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McCracken v. Monosol RX

November 3, 2010

JOHN R. MCCRACKEN, PLAINTIFF-APPELLANT,
v.
MONOSOL RX, LLC, DEFENDANT-RESPONDENT.



On appeal from Superior Court of New Jersey, Law Division, Morris County, Docket No. L-1533-09.

Per curiam.

NOT FOR PUBLICATION WITHOUT THE APPROVAL OF THE APPELLATE DIVISION

Argued September 15, 2010

Before Judges Fuentes, Gilroy and Ashrafi.

In this appeal we are required to determine the enforceability of a forum selection clause in a contract of employment entered into by plaintiff John R. McCracken when he agreed to serve as Senior Vice President for Business Development and Licensing for defendant Monosol RX, LLC, a Delaware corporation. Plaintiff is a New Jersey resident; the employment contract designates Tarrant County, Texas as the venue for "any action brought concerning or arising from" the employment agreement.

The issue arises in the context of a complaint filed by plaintiff in the Law Division in Morris County challenging the grounds for his termination. In lieu of filing a responsive pleading, defendant filed a motion to dismiss the complaint pursuant to the venue selection clause in the agreement. After considering the arguments of counsel, which included a certification from plaintiff attesting to the alleged "inconvenience" he would endure if compelled to prosecute his case in Texas, the trial court granted defendant's motion and dismissed plaintiff's complaint without prejudice, subject to being re-filed in Texas.

We now affirm substantially for the reasons expressed by Judge Wright. Although this case was dismissed before defendant filed a responsive pleading, we are satisfied that the matter was ripe for disposition as a matter of law because the trial court's ruling was not predicated upon the legal viability of plaintiff's underlying claims.

I.

Defendant is a Delaware corporation with its corporate headquarters located in Warren, New Jersey; it also has manufacturing, research, and development facilities in Indiana, and a laboratory in Tennessee. Defendant's principal owner and two members of its board of directors are the only individuals connected to this company who reside in Texas.

Plaintiff, a New Jersey resident, was hired by defendant as its Senior Vice President of Business Development and Licensing on May 15, 2008, to work in its New Jersey facility. In the course of the application process, plaintiff's personal contacts with defendant's representatives occurred only in New Jersey. He did, however, conduct two telephone interviews with two board members who reside outside of this State, one in Texas and one in New York.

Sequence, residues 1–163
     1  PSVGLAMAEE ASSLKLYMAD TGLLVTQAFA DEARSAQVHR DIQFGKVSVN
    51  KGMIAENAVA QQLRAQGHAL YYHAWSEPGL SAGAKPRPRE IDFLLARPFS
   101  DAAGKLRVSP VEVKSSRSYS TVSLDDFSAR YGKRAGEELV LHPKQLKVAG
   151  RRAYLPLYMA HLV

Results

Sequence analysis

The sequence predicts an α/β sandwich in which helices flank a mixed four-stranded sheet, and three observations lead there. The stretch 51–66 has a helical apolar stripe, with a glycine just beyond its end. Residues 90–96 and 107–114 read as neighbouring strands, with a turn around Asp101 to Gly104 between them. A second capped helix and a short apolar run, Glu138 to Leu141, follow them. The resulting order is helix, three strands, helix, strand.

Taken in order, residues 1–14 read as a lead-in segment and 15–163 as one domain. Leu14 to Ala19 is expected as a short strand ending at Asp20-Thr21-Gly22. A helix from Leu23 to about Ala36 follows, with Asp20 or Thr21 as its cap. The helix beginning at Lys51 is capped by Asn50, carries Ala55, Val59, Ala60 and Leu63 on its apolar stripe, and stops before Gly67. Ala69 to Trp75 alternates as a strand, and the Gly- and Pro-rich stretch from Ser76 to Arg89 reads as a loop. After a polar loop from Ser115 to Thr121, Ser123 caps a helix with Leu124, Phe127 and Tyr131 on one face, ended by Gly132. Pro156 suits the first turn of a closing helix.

As a condition of employment, plaintiff entered into an Executive Employment Agreement (the agreement) on April 28, 2008, that comprehensively described the terms and conditions of his employment. Although for our purposes it is not necessary to describe in detail all of the provisions included therein, we note that the agreement provided for a two-year term of employment, established plaintiff's annual compensation at $250,000 with a forty percent annual bonus if he met certain performance targets, and included a Termination for Cause provision that sets out eleven categories or grounds for terminating plaintiff's employment.

Concerning the adjudication of disputes arising from plaintiff's employment, the agreement included a venue jurisdiction clause providing that any litigation concerning the agreement was to be filed in Tarrant County, Texas. Specifically, Section 12 of the agreement states:

Venue: Jurisdiction. Any suit concerning this Agreement shall be filed solely in the courts of Tarrant County, Texas. In any action brought concerning or arising from this Agreement, [plaintiff] hereby agrees that he shall be subject to the jurisdiction of the state and federal courts of Texas.

On February 4, 2009, plaintiff received a "Cause Notice Period" letter describing defendant's concerns about plaintiff's unsatisfactory job performance. Pursuant to Section 5(a) of the agreement, this notice is intended to apprise plaintiff of the specific problem, or "cause," defendant had with plaintiff's performance and should include "a description of the evidence upon which the Company has relied to support such [a] finding." Plaintiff has thirty days from the receipt of this notice "to cure the action or inaction ...


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